Saturday, February 28, 2009


I made a bunch of pictures to try and show how the tuning works, and I decided if one picture is worth a thousand words, one video is worth thousands of pictures (in fact that is literally true at 30 fps).

This is my first attempt at blogging so I'm in the fly by the seat of your pants mode. I needed a good graphics editor and came up with GIMP. I needed a better way to manage screen captures and came up with Gadwin Print Screen. I decided to see what I could do about some way to capture video from the screen and came up with CamStudio. All of these programs are freeware or under GPL license, the same as PowerSDR. If you scroll about half way down the PowerSDR page you will find the program and its associated drivers and manuals etc. This is the actual power in how Flex has developed its business model. By GPL-ing the software it is now open to everyone to advance the state of the art. I would not be writing this blog if the barrier to providing content was too high. If I couldn't get under the hood of PowerSDR a little it would be just another black box with a DO NOT ENTER sign, like the rest of the ham radio manufacturers. This is an interest of mine and I gain nothing except gratification that I can share some of my excitement of the SDR experience. It is the same for the amateurs who are every day improving PowerSDR in a collegial and cooperative community. If there was not a company (flex) there at the same time, as interest waned progress would stop. So like Google and its Symbiotes, Flex and its Symbiotes exist to nourish each other and the greater community at large by providing long term stability for intellectual processing to come to fruition. ( No I ain't no commie, I'm an old time systems engineer and this is one hell of a beautiful system) It is a variation of this business model that brought Google from an idea to a mighty internet presence. This model is a model that leverages intelligence, and that is way powerful. It is Google that owns blogger, and the servers upon which my whole blogging enterprise resides. We all gain when people come together in collegial cooperation. It is for that reason I want to thank the above software publishers and providers for making it easy for me to enjoy the fruit of my labor. I will write something about Flex's business model and the community is has generated in the future. It is something entirely differnt in the way Ham radio is done and is worth comment. Yes dare I say it...the Flex business model is still another dimension :P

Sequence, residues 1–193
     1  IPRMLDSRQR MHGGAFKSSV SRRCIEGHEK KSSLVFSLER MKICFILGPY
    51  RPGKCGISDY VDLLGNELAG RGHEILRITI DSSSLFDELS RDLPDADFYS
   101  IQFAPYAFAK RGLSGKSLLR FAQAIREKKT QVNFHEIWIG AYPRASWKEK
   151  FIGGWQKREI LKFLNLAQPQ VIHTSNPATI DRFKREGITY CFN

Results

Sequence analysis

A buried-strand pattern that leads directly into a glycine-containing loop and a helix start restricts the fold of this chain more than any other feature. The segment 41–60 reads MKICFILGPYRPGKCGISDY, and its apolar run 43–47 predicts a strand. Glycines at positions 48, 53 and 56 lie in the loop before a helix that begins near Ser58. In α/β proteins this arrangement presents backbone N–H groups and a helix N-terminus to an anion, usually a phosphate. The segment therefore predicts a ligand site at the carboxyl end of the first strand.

On to tuning:

Here is a video of the PowerSDR console. I didn't "film" the entire console because the more area the bigger the file and the bigger the file the more herky jerky the quality so I settled for the minimum size that did justice to the topic

The script I followed is



vfo a

turn on split

yellow cursor

turn on multi

red cursor

vfo b

change filters

tune step

type freq

save- restore




tx switch vfo

If you click TUNING .TXT you will get a new window with this list in it so you can follow along with the video. As I make changes on the screen it is useful to occasionally glance up to the VFO readouts so you can see how the frequency changes with screen clicks.

Here is a screen shot to compare

The video took over an hour to upload and render a 75mb .avi file. I had the thing nice and big and optimized, and blogger cut me down to size and turned me into a flash file so this is the best I can do given my level of expertise (laughing: what expertise). I use Firefox as my browser and Firefox allows the page to be magnified so you can actually bring the size up to something fairly useful to view. I'm sure other browsers have some kind of similar means to enlarge what is in the browser. There is a way to narrate this in audio but I don't have all day to spend on this so I will leave that exercise to another day. In the mean time if you want sound you can listen here (in honor of Texas!!!!)

When I taught Physics I used to open up my first lecture with a pair of Bose 901 speakers, a big assed Harmon Karden Amp in the front of the lecture hall, and this ZZ top tune blasting. It was sooo much fun watching about 250 jaws drop when I dropped the needle of the turntable (remember them?) into the groove. Man those 901's sounded incredible when mixed with the acoustics of that lecture hall. The 901's were made to be a rear fire speaker with a front fire tweeter, but I just spun those suckers 180 degrees and let er rip. We rocked old Albert Einstein in his grave!!!! Hell "Dr. Dean of the Science Faculty" acoustics IS physics it WAS relevant...